STATUS OF ENGLISH IN THE WORLD: TRIPARTITION. The 3 circles of English. The US linguist Braj Kachru has suggested that we think of the spread of English around the world as 3 concentric circles. In the inner circle we find people and countries that have English as a native language.
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Despite its name, this model is not circular or concentric, but a set of three contiguous ovals .
The smaller unlabelled ovals belong presumably to the past
-> as „traditional, cultural & linguistic bases“
->English gained importance in administration
ENGLISH IN AFRICA ENGLISH IN ASIA
Indian English (Indlish) Singaporean English (Singlish) Malaysian English
PIDGINS AND CREOLES
„Any language variety of English including those developed by communities in which English was not indigenous in modern history.“
Can you guess what language this is?
These lines are taken from a famous comic strip in Papua New Guinea:
'If you eat plenty of peanuts, you will come up strong like the phantom.''Phantom, you are a true friend of mine. Are you able to help me now?'Phantom, where did he go?'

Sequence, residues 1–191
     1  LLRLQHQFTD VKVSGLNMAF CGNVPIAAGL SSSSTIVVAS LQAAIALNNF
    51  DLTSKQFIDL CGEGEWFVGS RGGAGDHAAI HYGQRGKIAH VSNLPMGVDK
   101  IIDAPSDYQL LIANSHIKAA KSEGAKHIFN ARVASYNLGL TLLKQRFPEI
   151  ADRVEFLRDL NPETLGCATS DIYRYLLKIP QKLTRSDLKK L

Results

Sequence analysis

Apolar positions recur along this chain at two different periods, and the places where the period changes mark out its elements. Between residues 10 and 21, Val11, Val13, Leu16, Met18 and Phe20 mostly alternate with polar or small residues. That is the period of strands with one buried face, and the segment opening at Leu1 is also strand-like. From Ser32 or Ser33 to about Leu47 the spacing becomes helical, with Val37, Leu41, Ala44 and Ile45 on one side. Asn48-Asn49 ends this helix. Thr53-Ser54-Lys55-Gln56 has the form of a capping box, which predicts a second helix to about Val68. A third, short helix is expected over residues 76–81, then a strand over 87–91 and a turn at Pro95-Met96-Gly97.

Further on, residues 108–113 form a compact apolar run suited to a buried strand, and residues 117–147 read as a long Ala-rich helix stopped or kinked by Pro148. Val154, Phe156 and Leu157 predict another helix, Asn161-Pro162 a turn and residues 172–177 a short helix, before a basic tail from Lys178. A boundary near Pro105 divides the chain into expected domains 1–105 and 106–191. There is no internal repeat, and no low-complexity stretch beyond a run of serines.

Portuguese-based creoles (example Angolar Creole Portuguese)
Spanish-based creoles (Papiamentu Creole Spanish)
Dutch-based creoles (Negerhollands Creole Dutch)
French-based creoles (Haitian Creole French)
English-based Atlantic creoles (Jamaican Creole English)
English-based Pacific pidgins and creoles (Tok Pisin)
Pidgins and creoles based on other languages (Nubi Creole Arabic)
(tok means "word" or "speech" as in "talk", pisin means "pidgin") is the Creole spoken in northern mainland Papua New Guinea
Like many pidgins and creoles, has a far simpler phonology than the superstrate language. It has 16 consonants and 5 vowels.
e.g. English hand becomes Tok Pisin han
Repetition is very common in Tok Pisin. Sometimes it is used as a method of derivation; sometimes words just have it. Some words are distinguished only by reduplication: sip "ship", sipsip "sheep".
Jamaican Standard and Jamaican Creole exist side by side in the island in a typical diglossic pattern.
Creole is used by most people for everyday, informal situations - it's the language most Jamaicans use at home and are most familiar with (and is closest to their hearts); it's also the language of most local popular music and Dub poetry.
Standard, on the other hand, is the language of education, high culture, government, the media and official/formal communications. It's also the native language of a small minority of Jamaicans (typically upper class and upper/traditional middle class).
Books, magazines, and newspapers written in English are available in many countries around the world. English is also the most commonly used language in the sciences.
Is English so powerfulbecause North Americansspeakit?
Is English so powerfulbecauseitsgrammaris easy?
Is English so powerfulbecauseof the British Empire?
Whatabout the Internet?
What do youthink the future willbe?
Youhave ten minutestosay:
WHAT YOU MEAN BY GLOBAL LANGUAGE;
WHAT YOUR VIEW IS ABOUT IT;
THE REASONS WHY YOU WANT TO STUDY THIS LANGUAGE
of its people.